“Off The Wall” Blog
Unique, straight-forward, unfiltered opinion on topics of concern for individuals with newfound wealth.
Death, taxes, and your cash.
Given the current environment, a lot of people ask me, “Dave, what do you think is going to happen with the fiscal cliff?”
My response: I have no idea.
Seriously. And neither do you or anyone else writing about the subject. I don’t think President Obama knows either. And really, is Washington’s decisive moment going to answer every question about your financial future? Most likely not.
Here’s what I do know. You are going to die. Someday.
So what does that mean? Plan for it and plan for it now. At its core, it can be a very simple project. Start with the money you have, and decide where you want it to go because the reality is your money can only go to one of four places during your life and after you are gone.
That’s right, four places. Here are your options:
You can spend it.
Shocking I know, but you have heard people jokingly say they want to “die broke.” What they are saying is that they actually want to spend all of their money during their lifetime and have nothing left over to give to the three remaining places that money can go. It’s a good strategy and requires some planning because the downside, of course, is that you go broke before you die. Making some assumptions and having a solid financial plan in place can lower the probability of this happening.
You give it to family.
This is the obvious choice and usually the most popular. It’s also misunderstood. While you can choose to give your money to your family either during your life or after you die, it’s easier to do it while alive. This is especially true this year. Under current (2012) legislation, a person can give $13,000 per year tax-free to anyone he or she chooses. That means a married couple can gift $26,000 per year to any one person tax-free. Additionally, the current law allows for $5,120,000 per person as a lifetime limit, meaning a couple can gift over $10 million. It’s easy to see how quickly a plan can be implemented to get tax-exempt money to family under current legislation.
You can give it to charity.
Again, like giving money to family, this can be done during or after your lifetime. Remember that while gifting money to a charity can be a big tax savings in addition to making you feel good, it obviously lowers the amount of money that will be left over to go to family. Again, proper planning is essential in order to strike a balance if necessary.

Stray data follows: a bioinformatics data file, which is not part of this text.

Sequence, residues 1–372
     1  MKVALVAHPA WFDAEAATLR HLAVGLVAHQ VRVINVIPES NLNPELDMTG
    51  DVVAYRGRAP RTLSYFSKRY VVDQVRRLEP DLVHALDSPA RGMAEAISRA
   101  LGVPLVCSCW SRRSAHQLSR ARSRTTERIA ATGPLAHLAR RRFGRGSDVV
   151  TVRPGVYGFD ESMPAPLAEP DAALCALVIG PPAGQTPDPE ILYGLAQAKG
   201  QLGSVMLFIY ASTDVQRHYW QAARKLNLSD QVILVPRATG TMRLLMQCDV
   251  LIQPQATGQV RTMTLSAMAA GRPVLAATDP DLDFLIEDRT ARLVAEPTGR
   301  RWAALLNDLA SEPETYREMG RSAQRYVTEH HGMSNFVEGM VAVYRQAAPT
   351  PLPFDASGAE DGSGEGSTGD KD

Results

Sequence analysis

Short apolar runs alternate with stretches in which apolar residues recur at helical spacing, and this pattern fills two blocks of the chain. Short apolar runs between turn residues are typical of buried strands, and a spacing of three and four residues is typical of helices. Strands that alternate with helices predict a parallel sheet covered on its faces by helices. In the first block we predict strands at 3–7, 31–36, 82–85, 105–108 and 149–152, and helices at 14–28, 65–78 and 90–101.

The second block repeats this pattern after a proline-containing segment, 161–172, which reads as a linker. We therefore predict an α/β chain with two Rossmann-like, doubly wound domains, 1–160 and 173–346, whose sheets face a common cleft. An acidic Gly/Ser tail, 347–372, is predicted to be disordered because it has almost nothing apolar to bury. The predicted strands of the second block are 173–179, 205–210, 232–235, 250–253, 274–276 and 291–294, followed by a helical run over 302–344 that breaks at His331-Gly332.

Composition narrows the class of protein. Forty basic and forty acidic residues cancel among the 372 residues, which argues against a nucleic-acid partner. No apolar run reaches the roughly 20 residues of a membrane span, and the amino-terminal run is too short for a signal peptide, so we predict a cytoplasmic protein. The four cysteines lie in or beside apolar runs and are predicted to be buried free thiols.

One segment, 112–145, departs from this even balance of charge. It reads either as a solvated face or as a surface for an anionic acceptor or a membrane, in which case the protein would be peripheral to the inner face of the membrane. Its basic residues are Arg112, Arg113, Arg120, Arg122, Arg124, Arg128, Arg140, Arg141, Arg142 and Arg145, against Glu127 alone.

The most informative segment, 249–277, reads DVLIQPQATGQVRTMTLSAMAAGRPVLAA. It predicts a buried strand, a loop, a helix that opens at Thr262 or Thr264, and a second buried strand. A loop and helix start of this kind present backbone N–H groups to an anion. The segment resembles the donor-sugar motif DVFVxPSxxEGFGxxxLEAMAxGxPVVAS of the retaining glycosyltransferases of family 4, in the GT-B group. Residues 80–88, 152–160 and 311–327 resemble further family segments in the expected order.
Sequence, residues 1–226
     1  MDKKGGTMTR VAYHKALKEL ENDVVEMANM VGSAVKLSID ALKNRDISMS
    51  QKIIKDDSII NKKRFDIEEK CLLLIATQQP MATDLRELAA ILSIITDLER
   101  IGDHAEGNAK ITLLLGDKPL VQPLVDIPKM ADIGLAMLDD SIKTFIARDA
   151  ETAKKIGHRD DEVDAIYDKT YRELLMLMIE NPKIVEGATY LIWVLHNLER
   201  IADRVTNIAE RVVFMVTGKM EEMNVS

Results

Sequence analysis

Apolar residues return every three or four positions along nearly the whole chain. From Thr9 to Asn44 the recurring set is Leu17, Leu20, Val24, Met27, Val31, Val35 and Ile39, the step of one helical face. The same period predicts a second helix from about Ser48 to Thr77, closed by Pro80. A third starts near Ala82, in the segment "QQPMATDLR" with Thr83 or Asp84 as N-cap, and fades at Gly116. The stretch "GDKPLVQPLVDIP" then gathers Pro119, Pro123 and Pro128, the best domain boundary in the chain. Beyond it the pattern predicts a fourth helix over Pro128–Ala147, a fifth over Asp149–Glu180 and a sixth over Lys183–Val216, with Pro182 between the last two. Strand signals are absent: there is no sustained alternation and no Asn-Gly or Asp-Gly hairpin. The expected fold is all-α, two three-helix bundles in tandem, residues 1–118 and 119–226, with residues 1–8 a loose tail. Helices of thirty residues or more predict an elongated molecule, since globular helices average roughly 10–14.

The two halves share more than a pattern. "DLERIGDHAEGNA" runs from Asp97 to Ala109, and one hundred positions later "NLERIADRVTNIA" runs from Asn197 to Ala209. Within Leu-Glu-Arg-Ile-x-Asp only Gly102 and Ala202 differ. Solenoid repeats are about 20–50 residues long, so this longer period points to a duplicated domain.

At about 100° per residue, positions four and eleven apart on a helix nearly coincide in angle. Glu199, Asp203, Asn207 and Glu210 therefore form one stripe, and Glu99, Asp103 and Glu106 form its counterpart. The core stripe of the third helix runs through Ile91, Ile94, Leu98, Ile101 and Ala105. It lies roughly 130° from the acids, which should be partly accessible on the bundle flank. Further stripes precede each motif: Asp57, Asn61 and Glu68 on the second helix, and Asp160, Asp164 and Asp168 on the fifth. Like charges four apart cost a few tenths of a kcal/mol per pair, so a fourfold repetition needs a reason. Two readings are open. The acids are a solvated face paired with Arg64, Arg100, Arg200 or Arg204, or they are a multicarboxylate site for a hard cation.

You can give it to the government in taxes.
We all pay taxes while we are alive, that’s obvious. What’s not so obvious is that the government can come in and take a huge bite out of your estate after you die. This is where your money goes if you have a lot of it and you fail to spend it all or plan for it to go to family or charity before you die.
Most people choose to spend their money in combination with gifting to family and charity rather than choosing to “gift” it to the government (if that’s your favorite option, your best investment may be in a good therapist).
Any way you slice it, and regardless of net worth, having a good plan for where the money goes during and after your life is a good idea and a simple exercise.
Control the things you can control. Having a plan is one of the most important things you can do for yourself and your family.
The opinions voiced in this material are for general information only and are not intended to provide specific advice or recommendation for individual. To determine which investment is appropriate please consult your financial advisor prior to investing. All performance referenced is historical and is not guarantee of future results. All indices are unmanaged and may not be invested into directly.
David B. Armstrong, CFA
President & Co-Founder
Dave got into the industry when he discovered his passion for finance in his mid-20’s. He’s a combat veteran and served as an officer in the United States Marines Corps on both active duty and in the reserves, retiring at the rank of Lieutenant Colonel. While serving on active duty, Dave was unable to spend money on deployments, so he became a self-taught investor. Along with a few bucks cash as a bouncer, his investing performance grew to be good....
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